A cancer specialist along with his kidney work, Sukhatme was a specialist on "antiangiogenesis" drugs, which stop the growth of blood vessels and have been promoted by Dr. Judah Folkman, who says that cutting off a tumor's blood supply can help fight cancer.
Clinical trials of the drugs were underway, and in two recent talks, Sukhatme had heard that some of the patients in the trials had mysteriously developed high blood pressure and protein in their urine -- also the classic symptoms of preeclampsia. The protein in the urine indicates that the kidneys are not working well as filters.
At the first talk, Sukhatme said, he merely pricked up his ears; at the second talk, about a different antiangiogenesis drug, he asked whether patients developed high blood pressure and protein in their urine. He was told, somewhat sheepishly, that they did, and "I fell off my chair," he recalled. "I said, `Holy smokes!' Now we have two drugs working in one common pathway that are structurally unrelated, and both block vegf," or vascular endothelial growth factor.
In other words, he said, the researchers were on their way to figuring out that preeclampsia was, in a sense, the opposite of cancer.
In cancer, substances called growth factors like vegf are spurring small blood vessels to grow and supply the tumor. In preeclampsia, other substances, like sFlt1, are inhibiting the growth factors and clamping down on the blood vessels.
So when patients awash in blood-vessel growth factors because of their cancer were being given growth inhibitors, the balance in some tipped too far, it seems, and they got symptoms of preeclampsia.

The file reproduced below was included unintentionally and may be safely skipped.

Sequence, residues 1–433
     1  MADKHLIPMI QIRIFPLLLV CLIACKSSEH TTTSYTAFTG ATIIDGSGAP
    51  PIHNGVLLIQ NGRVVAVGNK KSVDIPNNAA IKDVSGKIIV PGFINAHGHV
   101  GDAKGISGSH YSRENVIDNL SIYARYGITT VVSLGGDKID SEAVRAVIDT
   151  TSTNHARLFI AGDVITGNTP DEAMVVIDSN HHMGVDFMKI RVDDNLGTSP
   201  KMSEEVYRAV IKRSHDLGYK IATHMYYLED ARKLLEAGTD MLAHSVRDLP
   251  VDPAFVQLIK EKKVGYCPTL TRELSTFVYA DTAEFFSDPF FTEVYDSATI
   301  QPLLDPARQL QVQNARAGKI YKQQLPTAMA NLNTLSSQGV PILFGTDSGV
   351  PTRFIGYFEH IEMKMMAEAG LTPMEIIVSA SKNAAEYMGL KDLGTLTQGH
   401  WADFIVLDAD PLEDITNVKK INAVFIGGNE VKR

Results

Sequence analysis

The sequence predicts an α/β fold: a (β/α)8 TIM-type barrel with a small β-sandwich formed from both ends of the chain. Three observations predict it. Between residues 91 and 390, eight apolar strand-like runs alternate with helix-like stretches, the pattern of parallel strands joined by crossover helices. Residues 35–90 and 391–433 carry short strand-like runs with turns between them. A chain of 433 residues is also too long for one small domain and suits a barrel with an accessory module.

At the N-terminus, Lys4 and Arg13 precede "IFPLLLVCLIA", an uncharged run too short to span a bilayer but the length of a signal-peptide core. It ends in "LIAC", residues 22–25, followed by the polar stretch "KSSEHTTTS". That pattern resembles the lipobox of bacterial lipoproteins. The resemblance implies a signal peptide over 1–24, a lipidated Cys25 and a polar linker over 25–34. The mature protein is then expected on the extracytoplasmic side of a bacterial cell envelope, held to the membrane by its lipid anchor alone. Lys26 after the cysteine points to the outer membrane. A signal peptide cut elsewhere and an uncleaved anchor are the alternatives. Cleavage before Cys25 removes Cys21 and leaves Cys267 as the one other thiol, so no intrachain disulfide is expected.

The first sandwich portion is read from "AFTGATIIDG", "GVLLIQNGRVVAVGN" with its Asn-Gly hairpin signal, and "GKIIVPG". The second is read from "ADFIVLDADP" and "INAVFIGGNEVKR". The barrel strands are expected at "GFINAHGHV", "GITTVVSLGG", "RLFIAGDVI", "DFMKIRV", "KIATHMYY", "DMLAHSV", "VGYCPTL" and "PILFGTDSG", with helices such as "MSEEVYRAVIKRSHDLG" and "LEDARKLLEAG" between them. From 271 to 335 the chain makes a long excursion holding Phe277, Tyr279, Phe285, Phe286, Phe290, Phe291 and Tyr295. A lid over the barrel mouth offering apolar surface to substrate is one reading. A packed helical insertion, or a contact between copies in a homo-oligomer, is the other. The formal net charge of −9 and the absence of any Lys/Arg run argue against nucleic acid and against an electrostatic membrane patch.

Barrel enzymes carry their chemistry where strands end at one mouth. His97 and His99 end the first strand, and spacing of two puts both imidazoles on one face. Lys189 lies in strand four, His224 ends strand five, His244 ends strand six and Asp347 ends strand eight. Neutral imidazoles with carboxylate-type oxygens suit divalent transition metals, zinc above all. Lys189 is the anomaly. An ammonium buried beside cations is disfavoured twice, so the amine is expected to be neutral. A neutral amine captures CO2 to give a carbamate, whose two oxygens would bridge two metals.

Theoretically, Sukhatme and Karumanchi say, the reverse might be true: if sFlt1 acts like an antiangiogenesis drug, then a patient with preeclampsia might be helped by taking drugs that stimulate growth, like vegf.
And there was a clinical clincher: Sukhatme knew of a current cancer patient who was on a third, similar antiangiogenesis drug. He quickly had the patient's urine checked: Sure enough, there was protein in it, he said. "That third patient was when I felt this was clicking," he said.
Karumanchi still needed better proof. So, with the help of a Children's Hospital Boston colleague who happened to have the sFlt1 -- it was a well-known molecule, it just had not been linked to preeclampsia -- he induced pregnant rats to produce it in excess.
The sFlt1 produced classic preeclampsia symptoms in the rats, including distinctive lesions on their kidneys. "That's when we got very excited," he said.
With their current paper, too, Karumanchi and company got lucky: In the mid-1990s, the National Institute of Child Health and Human Development had studied more than 4,500 pregnant women to see whether calcium supplements could reduce preeclampsia.
The calcium idea did not pan out, but the institute still had the blood samples in storage, and the study's director, Dr. Richard Levine, shared 240 of the samples so they could be checked for sFlt1. The researchers found that in the women who got preeclampsia, sFlt1 levels had risen earlier and reached higher levels than in normal pregnancies, Levine said.
Dr. Susan Fisher, a prominent preeclampsia researcher at the University of California at San Francisco, cautions that sFlt1 may be only one of many factors in the disease that need to be unraveled. But the Beth Israel Deaconess research "is a very solid piece of work that makes sense," she said.
The team's work appears promising enough that Beth Israel Deaconess has struck a licensing deal with Scios, an affiliate of Johnson & Johnson, to develop a preeclampsia drug, the hospital says. It would be years before such a drug would be available, but researchers are already beginning to contemplate clinical trials in pregnant women.
One thing Sukhatme knows, he said: If and when the trials begin, "Ananth and I will be there when the first patient gets the drug. We'll be up all night, and we will be watching very carefully."
Carey Goldberg can be reached at firstname.lastname@example.org.